References

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Gulliver A, Griffiths KM, Christensen H. Perceived barriers and facilitators to mental health help-seeking in young people: a systematic review. BMC Psychiatry. 2010 Dec 30;10:113. doi: 10.1186/1471-244X-10-113. Review.

Abdallah CG, Adams TG, Kelmendi B, Esterlis I, Sanacora G, Krystal JH. KETAMINE'S MECHANISM OF ACTION: A PATH TO RAPID-ACTING ANTIDEPRESSANTS. Depress Anxiety. 2016 Aug;33(8):689-97. doi: 10.1002/da.22501. Epub 2016 Apr 6. Review.

Cao B, Luo Q, Fu Y, Du L, Qiu T, Yang X, Chen X, Chen Q, Soares JC, Cho RY, Zhang XY, Qiu H. Predicting individual responses to the electroconvulsive therapy with hippocampal subfield volumes in major depression disorder. Sci Rep. 2018 Apr 3;8(1):5434. doi: 10.1038/s41598-018-23685-9.

Kayser S, Bewernick BH, Wagner S, Schlaepfer TE. Clinical Predictors of Response to Magnetic Seizure Therapy in Depression: A Preliminary Report. J ECT. 2019 Mar;35(1):48-52. doi: 10.1097/YCT.0000000000000495.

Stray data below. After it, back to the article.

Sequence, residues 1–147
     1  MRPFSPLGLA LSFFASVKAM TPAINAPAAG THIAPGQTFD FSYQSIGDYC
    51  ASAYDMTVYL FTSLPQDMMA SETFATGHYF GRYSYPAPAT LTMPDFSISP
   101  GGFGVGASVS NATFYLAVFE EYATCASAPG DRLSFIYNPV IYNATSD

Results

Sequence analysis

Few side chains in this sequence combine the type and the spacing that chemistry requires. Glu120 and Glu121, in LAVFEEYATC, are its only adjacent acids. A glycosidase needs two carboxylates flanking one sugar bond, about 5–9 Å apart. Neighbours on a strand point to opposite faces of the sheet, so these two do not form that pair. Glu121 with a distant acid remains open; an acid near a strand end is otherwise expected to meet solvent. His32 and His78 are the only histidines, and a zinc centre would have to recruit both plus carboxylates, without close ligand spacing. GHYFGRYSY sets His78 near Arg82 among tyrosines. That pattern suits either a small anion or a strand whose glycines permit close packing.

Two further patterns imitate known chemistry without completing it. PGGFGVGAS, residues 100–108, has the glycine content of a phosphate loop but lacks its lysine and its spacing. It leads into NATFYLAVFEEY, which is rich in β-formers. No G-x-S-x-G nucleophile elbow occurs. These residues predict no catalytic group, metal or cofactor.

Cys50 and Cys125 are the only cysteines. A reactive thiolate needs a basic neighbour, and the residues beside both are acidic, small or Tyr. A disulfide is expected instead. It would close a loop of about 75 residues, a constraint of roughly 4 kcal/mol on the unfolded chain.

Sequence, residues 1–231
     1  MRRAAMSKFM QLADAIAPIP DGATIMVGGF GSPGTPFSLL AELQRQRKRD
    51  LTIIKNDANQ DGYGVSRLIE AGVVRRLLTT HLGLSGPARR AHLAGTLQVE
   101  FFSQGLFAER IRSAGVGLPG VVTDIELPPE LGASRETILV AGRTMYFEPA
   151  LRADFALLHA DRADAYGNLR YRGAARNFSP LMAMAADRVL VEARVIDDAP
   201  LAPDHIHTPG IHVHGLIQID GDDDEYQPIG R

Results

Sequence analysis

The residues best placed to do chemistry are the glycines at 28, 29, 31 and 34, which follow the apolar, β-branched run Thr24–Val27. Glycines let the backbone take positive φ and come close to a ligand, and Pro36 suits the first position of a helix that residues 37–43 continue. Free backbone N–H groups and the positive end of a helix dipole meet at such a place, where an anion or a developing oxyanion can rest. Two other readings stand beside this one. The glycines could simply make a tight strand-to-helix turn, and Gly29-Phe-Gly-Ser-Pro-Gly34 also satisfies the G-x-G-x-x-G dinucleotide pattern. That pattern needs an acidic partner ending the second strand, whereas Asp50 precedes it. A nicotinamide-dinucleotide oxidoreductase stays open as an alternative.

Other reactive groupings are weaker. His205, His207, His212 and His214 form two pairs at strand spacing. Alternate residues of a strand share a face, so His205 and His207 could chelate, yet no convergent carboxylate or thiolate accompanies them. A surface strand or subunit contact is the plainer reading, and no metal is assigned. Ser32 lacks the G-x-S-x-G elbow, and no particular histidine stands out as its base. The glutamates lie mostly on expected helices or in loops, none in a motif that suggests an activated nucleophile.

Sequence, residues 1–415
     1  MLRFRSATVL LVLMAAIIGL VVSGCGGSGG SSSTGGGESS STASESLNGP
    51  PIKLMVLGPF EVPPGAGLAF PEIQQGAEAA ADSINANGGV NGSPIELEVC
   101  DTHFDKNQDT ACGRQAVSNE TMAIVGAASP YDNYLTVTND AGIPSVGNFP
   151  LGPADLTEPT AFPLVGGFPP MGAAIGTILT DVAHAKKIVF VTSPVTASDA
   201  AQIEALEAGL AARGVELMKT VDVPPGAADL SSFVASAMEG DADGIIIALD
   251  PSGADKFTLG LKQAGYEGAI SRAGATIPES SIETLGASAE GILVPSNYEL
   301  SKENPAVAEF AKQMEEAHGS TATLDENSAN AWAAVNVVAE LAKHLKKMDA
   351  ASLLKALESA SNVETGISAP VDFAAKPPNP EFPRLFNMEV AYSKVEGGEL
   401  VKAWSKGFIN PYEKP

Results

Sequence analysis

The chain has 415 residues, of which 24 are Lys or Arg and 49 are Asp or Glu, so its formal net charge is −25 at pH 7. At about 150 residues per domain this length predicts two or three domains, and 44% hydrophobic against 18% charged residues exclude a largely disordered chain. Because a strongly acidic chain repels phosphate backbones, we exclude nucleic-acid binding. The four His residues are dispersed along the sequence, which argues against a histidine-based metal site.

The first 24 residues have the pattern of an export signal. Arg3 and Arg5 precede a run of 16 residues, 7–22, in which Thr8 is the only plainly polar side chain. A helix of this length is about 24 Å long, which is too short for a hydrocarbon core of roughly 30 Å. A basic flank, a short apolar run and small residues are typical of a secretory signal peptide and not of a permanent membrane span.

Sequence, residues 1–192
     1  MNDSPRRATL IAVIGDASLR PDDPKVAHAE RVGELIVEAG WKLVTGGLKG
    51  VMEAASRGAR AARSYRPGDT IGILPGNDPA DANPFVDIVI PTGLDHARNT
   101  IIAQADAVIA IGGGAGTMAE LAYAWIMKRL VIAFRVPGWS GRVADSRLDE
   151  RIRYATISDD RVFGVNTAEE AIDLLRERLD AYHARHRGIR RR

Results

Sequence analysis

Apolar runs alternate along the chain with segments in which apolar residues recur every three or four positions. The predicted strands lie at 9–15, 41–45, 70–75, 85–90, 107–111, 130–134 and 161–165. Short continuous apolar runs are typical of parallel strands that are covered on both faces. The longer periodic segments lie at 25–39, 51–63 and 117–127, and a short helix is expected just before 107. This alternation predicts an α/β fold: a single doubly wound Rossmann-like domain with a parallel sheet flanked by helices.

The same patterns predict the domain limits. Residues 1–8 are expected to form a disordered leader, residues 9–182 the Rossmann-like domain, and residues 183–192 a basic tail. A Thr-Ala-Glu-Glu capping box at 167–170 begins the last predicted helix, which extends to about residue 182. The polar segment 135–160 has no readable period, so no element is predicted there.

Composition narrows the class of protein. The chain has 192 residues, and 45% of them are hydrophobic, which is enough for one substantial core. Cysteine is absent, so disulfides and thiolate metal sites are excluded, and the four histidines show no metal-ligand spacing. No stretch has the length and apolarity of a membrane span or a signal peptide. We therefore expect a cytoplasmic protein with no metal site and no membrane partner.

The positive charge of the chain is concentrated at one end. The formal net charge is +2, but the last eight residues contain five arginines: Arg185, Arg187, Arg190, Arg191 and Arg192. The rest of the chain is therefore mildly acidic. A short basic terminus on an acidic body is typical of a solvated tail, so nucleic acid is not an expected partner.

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Nussbaumer B, Kaminski-Hartenthaler A, Forneris CA, Morgan LC, Sonis JH, Gaynes BN, Greenblatt A, Wipplinger J, Lux LJ, Winkler D, Van Noord MG, Hofmann J, Gartlehner G. Light therapy for preventing seasonal affective disorder. Cochrane Database Syst Rev. 2015 Nov 8;(11):CD011269. doi: 10.1002/14651858.CD011269.pub2. Review. Update in: Cochrane Database Syst Rev. 2019 Mar 18;3:CD011269.

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Benedetti F, Riccaboni R, Locatelli C, Poletti S, Dallaspezia S, Colombo C. Rapid treatment response of suicidal symptoms to lithium, sleep deprivation, and light therapy (chronotherapeutics) in drug-resistant bipolar depression. J Clin Psychiatry. 2014 Feb;75(2):133-40. doi: 10.4088/JCP.13m08455.

Martiny K, Refsgaard E, Lund V, Lunde M, Sørensen L, Thougaard B, Lindberg L, Bech P. A 9-week randomized trial comparing a chronotherapeutic intervention (wake and light therapy) to exercise in major depressive disorder patients treated with duloxetine. J Clin Psychiatry. 2012 Sep;73(9):1234-42. doi: 10.4088/JCP.11m07625.

Martiny K, Refsgaard E, Lund V, Lunde M, Thougaard B, Lindberg L, Bech P. Maintained superiority of chronotherapeutics vs. exercise in a 20-week randomized follow-up trial in major depression. Acta Psychiatr Scand. 2015 Jun;131(6):446-57. doi: 10.1111/acps.12402. Epub 2015 Feb 17.